Sunday, December 5, 2010

Attacking the conscience rights of their own members

Like the National Association of Social Workers, which released a statement last May 2010 attacking the conscience rights of its members and subordinating them to client autonomy (see ), the American College of Obstetricians and Gynecologists (ACOG) has reaffirmed its notorious 2007 Ethics Committee position #385 on the limits of conscientious refusal in reproductive medicine.

Odd that they persist in describing the killing of unborn children as a part of "reproductive medicine" since abortion seldom has anything to do with treating illness, and is never about doing no harm, or reproduction, and violates the Hippocratic Oath!

In a forthcoming piece in the Journal of Social Work Values and Ethics, I conclude:
In the case of the life issues, the issue at stake is the fundamental moral proscription on the intentional taking of innocent human life. This has been a basic principle of ethics for millennia, an exceptionless norm which binds the consciences of all in societies where the conscience is recognized at all. To kill justly requires at least that the person is not innocent (as in capital punishment or enemy soldiers in a just war); or is not a fully human person (as has been argued in the case of Blacks, Jews, and unborn babies); or that killing is not the intent but an unintended side effect (as with deaths of nearby civilians from the bombing of a military target).

Of course, moral relativists, situationists, consequentialists, and ethical emotivists may deny the existence or binding nature of such a proscription on the killing of innocents. I will not take up here the objections to these stances in moral philosophy, but simply note that if it is wrong to kill a person, then it is also wrong to get someone else to do it. If it is, as I believe, a grave evil for me to murder my spouse, it is no less wrong to hire someone else to do it for me.

None of this has anything to do with imposing my views on the client, as anti-exemptionists and militant secularists often claim. Patients and clients have an uncontested moral right to informed consent and informed refusal. But this is not the issue, as Pellegrino (2008) argues. The client may find abortion morally permissible and it is certainly legally permissible in the United States. I respect her right under law to decide to have an abortion and will not condemn, moralize, or argue with her. But this is not the issue. “Conscientious objection, “ as Pellegrino (2008) says, “implies the physician’s right not to participate in what she thinks morally wrong, even if the patient demands it. It does not presume the right to impose her will or conception of the good on the patient” (p.299).


ACOG Again Denies Conscience Rights of Doctors on Abortion

by Bill Saunders | | 11/29/10 2:02 PM

The hostilities toward conscience rights are abundant. This month the American College of Obstetrics and Gynecology (ACOG) reviewed and reaffirmed the 2007 Ethics Committee Number 385, entitled The Limits of Conscientious Refusal in Reproductive Medicine.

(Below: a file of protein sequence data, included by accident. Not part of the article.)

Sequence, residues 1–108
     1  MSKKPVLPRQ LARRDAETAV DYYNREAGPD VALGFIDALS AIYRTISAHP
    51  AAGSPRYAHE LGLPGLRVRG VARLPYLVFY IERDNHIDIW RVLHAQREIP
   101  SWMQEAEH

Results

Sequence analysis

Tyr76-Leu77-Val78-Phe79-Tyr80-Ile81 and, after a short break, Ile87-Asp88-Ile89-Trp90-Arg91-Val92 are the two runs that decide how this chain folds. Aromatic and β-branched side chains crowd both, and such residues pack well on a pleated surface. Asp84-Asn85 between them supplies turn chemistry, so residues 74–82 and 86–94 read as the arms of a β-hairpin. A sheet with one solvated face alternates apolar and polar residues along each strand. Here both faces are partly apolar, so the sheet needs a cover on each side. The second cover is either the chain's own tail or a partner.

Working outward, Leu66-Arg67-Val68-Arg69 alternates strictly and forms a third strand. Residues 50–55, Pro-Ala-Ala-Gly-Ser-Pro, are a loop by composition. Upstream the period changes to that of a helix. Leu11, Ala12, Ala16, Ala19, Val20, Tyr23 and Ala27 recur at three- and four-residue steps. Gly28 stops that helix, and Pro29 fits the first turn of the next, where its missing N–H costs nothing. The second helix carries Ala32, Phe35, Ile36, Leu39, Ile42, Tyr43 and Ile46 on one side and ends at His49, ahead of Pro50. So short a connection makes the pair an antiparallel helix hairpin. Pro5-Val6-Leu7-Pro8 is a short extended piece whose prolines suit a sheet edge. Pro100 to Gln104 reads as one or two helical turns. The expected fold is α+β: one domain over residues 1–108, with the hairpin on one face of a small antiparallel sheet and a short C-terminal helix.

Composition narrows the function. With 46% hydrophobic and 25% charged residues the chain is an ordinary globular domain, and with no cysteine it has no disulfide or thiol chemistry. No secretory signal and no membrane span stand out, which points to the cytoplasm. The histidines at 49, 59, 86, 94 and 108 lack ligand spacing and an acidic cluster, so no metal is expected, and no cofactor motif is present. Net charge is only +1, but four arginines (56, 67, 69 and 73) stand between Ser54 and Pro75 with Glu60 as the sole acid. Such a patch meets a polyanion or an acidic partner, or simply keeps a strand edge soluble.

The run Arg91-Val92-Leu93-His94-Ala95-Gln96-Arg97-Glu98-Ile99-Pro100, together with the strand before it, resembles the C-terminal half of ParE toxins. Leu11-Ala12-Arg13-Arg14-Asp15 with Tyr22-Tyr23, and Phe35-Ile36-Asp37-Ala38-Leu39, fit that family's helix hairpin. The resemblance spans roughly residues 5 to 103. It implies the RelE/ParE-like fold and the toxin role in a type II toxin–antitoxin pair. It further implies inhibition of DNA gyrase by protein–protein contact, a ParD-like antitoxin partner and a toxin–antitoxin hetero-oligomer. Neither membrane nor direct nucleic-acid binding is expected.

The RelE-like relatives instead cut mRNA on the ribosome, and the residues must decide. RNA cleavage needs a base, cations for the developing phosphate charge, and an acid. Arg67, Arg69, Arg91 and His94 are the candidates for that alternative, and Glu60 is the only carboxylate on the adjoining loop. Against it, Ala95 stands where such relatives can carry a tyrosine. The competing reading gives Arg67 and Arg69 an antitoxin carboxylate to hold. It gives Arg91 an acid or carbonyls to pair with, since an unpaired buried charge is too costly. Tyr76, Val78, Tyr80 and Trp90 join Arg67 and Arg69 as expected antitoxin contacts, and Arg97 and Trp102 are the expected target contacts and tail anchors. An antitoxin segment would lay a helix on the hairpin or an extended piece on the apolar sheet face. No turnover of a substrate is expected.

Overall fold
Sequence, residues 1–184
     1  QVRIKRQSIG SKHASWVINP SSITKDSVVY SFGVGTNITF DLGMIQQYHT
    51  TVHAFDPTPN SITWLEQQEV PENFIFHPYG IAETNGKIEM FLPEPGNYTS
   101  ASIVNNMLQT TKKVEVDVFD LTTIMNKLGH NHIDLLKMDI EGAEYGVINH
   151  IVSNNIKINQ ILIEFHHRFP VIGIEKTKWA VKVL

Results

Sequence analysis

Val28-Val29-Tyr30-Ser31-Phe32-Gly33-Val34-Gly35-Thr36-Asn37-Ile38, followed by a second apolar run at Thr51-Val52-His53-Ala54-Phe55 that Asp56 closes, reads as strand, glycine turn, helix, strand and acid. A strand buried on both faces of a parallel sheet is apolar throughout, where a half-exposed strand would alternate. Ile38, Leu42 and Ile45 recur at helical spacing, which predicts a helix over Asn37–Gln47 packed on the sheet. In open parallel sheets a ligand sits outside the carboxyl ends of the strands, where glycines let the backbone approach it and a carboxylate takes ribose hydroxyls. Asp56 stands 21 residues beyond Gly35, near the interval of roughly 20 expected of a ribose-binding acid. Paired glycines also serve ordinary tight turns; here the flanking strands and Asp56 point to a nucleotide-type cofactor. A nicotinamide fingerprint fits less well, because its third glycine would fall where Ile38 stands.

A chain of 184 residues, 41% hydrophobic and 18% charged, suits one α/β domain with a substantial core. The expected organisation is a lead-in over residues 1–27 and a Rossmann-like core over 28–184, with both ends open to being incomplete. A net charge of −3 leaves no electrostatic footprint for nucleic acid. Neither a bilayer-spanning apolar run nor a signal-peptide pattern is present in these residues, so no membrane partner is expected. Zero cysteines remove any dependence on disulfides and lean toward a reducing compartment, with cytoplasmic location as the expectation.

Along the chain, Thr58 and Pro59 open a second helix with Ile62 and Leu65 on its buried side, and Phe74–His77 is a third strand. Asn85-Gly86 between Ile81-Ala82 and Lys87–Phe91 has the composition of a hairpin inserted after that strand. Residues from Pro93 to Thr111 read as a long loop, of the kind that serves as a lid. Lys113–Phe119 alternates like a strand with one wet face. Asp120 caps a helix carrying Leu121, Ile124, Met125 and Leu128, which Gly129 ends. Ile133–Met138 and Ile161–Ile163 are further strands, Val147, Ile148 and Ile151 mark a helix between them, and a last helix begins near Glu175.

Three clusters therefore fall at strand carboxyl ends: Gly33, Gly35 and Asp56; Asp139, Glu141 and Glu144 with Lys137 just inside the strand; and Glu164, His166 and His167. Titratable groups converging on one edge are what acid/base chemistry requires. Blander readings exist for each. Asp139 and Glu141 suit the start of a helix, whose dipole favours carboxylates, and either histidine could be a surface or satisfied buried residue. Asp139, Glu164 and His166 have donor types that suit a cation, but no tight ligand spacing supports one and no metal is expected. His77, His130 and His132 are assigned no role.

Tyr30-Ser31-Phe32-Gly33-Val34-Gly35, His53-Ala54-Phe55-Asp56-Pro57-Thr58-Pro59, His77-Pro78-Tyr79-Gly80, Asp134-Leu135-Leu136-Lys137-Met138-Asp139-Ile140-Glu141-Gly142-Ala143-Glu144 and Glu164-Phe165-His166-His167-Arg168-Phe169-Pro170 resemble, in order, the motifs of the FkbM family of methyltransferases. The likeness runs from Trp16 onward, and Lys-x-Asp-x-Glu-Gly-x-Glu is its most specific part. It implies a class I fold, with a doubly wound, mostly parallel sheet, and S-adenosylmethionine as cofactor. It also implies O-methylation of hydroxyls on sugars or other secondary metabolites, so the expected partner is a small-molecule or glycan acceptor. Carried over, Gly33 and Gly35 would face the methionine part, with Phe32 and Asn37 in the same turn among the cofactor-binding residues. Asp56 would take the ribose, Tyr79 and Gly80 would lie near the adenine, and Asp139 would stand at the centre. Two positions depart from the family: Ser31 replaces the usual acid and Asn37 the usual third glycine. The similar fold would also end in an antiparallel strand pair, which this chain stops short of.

And last week a pro-life nurse was denied the right to sue the hospital where she was forced to participate in abortion. There has never been a greater need to pass comprehensive conscience protection measures than there is now.

The ACOG Ethics Committee rule requires pro-life physicians to refer for abortions. Furthermore, it disparages the notion of conscience to nothing more than a subjective feeling. It suggests that pro-life physicians should relocate in order to better refer patients to nearby abortionists. And it proposes that patient autonomy trumps a physician’s right to conscience.

These rules get their teeth when they are coupled with the requirements for board certification found in the 2011 Bulletin for Basic Certification in Obstetrics and Gynecology from the American Board of Obstetrics and Gynecology (ABOG). Section III Part F of this Bulletin explains that an individual can have his or her board certification revoked if he or she acts in “violation of ABOG or ACOG rules and/or ethical principles.” This means that refusing to conform to the ACOG recommendations could result in the loss of livelihood for healthcare providers.

Another example of antagonism toward conscience protection came from the 2nd Circuit Court of Appeals this week, when it denied Catherina Lorena Cenzon-DeCarlo the right to sue Mount Sinai Hospital in New York for forcing her to participate in the abortion of a 22-week unborn child. This nurse asserted her rights under the Church Amendment, the 1973 law designed to protect healthcare practitioners from being coerced into participation in abortion. Unfortunately, the court did not recognize an individual’s right to enforce that freedom. Clearly, there is a great need to strengthen conscience protection laws.

The new Congress has the opportunity to further establish conscience protection for healthcare providers like Catherina DeCarlo from coercive employers or board certifying organizations. The new Congress should make it a priority to pursue a law that will make the Hyde/ Weldon Conscience Protection permanent.

Hyde/ Weldon prohibits federal, state, or local governments from discriminating against any institutional or individual healthcare entity that does not provide, pay for, provide coverage of, or refer for abortions. This amendment has a broad scope of protection—but Hyde/Weldon is an appropriations rider that is subject to annual renewal. The way to make the protection stronger is (1) to make Hyde/Weldon permanent, and (2) to include an express remedy for healthcare providers and entities, allowing them the right to sue for damages when their rights are violated.

Retrieved December 5, 2010 from

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